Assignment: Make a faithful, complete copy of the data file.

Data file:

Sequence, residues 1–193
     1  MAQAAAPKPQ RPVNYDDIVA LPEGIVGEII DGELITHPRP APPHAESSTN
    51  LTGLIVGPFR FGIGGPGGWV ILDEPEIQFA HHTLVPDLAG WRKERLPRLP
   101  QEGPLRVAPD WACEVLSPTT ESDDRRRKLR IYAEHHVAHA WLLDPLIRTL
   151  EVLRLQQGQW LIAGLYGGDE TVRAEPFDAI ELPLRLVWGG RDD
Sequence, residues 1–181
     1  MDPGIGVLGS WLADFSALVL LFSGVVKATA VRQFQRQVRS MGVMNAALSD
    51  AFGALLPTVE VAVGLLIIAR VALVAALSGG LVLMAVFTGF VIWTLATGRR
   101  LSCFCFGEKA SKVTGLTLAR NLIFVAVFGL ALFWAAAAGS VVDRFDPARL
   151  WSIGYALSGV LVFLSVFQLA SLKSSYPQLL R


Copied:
Sequence, residues 1–193
     1  MAQAAAPKPQ RPVNYDDIVA LPEGIVGEII DGELITHPRP APPHAESSTN
    51  LTGLIVGPFR FGIGGPGGWV ILDEPEIQFA HHTLVPDLAG WRKERLPRLP
   101  QEGPLRVAPD WACEVLSPTT ESDDRRRKLR IYAEHHVAHA WLLDPLIRTL
   151  EVLRLQQGQW LIAGLYGGDE TVRAEPFDAI ELPLRLVWGG RDD
Sequence, residues 1–181
     1  MDPGIGVLGS WLADFSALVL LFSGVVKATA VRQFQRQVRS MGVMNAALSD
    51  AFGALLPTVE VAVGLLIIAR VALVAALSGG LVLMAVFTGF VIWTLATGRR
   101  LSCFCFGEKA SKVTGLTLAR NLIFVAVFGL ALFWAAAAGS VVDRFDPARL
   151  WSIGYALSGV LVFLSVFQLA SLKSSYPQLL R